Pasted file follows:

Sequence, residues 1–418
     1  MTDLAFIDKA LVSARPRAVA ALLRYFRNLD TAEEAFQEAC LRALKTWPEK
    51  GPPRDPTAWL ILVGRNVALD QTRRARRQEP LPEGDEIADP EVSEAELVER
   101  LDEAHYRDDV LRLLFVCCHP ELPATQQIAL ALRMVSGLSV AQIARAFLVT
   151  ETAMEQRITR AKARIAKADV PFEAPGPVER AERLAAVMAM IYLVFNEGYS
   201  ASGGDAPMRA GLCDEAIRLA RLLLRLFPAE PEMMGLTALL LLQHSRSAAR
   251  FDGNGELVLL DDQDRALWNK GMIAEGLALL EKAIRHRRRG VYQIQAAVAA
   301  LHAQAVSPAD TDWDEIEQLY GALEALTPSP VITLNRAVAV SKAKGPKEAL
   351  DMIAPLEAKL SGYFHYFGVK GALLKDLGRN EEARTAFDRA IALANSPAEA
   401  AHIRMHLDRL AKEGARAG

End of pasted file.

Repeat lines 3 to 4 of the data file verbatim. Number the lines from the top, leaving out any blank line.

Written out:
    51  GPPRDPTAWL ILVGRNVALD QTRRARRQEP LPEGDEIADP EVSEAELVER
   101  LDEAHYRDDV LRLLFVCCHP ELPATQQIAL ALRMVSGLSV AQIARAFLVT